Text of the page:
Financial advice increases average wealth by £47,000 over a decade, according to a new report in Money Marketing.
Royal London commissioned the International Longevity Centre to quantify the value of financial advice for people’s overall income in the early years of the millennium.
The report is an update of a study from two years ago and the results come from detailed analysis of the government’s Wealth and Assets Survey which has tracked the wealth of thousands of people in two-year periods since 2004-06.
The wealth uplift from advice comprises an extra £31,000 of pension wealth and over £16,000 extra in non-pension financial wealth.
One of the key findings from the research is that the proportionate impact of taking advice is greater for those of more modest means.
For the ‘affluent’ group identified in the research, the uplift from taking advice is an extra 24 per cent in pension wealth, compared with 35 per cent for the non-affluent group.
On non-pension wealth, the uplift is 11 per cent for the affluent group compared with 24 per cent for the non-affluent.
The research also found that those who were still taking advice at the end of the period had pension pots on average 50 per cent higher than those who had only taken advice at the beginning of the period.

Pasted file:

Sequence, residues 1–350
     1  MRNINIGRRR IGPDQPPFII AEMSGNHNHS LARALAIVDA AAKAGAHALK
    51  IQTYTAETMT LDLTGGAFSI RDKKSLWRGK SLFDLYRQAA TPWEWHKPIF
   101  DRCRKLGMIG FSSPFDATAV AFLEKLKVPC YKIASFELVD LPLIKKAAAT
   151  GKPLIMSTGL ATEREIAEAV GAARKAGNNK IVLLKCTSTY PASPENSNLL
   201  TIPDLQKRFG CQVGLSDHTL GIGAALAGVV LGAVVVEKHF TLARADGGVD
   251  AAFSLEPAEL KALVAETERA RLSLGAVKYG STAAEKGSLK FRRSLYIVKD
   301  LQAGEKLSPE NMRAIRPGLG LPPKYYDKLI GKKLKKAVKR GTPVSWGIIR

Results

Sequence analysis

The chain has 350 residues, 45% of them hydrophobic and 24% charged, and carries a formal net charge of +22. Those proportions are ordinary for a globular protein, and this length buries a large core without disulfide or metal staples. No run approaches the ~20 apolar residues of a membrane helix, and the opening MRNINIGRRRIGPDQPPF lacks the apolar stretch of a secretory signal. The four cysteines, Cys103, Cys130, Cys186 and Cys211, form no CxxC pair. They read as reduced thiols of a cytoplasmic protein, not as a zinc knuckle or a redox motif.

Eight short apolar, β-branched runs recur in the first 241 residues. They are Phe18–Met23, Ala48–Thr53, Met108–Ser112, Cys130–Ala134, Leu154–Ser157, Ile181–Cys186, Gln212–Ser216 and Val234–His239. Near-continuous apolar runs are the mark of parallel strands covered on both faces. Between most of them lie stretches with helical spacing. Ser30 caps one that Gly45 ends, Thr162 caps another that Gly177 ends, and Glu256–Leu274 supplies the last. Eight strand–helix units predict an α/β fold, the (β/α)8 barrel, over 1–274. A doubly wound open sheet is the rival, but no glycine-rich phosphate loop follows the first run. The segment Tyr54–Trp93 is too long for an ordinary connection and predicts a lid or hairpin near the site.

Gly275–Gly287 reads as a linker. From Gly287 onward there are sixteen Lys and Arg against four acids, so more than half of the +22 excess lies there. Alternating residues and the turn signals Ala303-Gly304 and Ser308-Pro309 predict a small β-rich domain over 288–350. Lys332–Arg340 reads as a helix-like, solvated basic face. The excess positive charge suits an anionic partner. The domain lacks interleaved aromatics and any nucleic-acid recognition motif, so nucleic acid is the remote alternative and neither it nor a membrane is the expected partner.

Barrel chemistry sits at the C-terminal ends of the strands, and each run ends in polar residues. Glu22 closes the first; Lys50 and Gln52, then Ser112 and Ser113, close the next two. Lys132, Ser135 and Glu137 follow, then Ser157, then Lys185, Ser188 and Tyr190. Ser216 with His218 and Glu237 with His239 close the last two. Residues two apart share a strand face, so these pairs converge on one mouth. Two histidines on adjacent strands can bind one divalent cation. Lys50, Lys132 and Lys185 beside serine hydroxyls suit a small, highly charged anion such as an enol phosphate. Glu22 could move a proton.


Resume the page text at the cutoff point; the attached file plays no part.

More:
Royal London director of policy Steve Webb says: “Many of those who receive financial advice can testify to its value but it has always been difficult to quantify. This research uses the latest statistical methods to identify a pure ‘advice effect’ and it is strikingly large.
“If financial advice can add £40,000 to your wealth over a decade compared with not taking advice, it is incumbent on government, regulators, providers and the advice profession to work together to make sure that more people are sharing in this uplift.”
International Longevity Centre Director David Sinclair adds: “The simple fact is that those who take advice are likely to be richer in retirement. But it is still the case that far too many people who take out investments and pensions do not use financial advice. We must now work together to get more people through the ‘front door’ of advice.”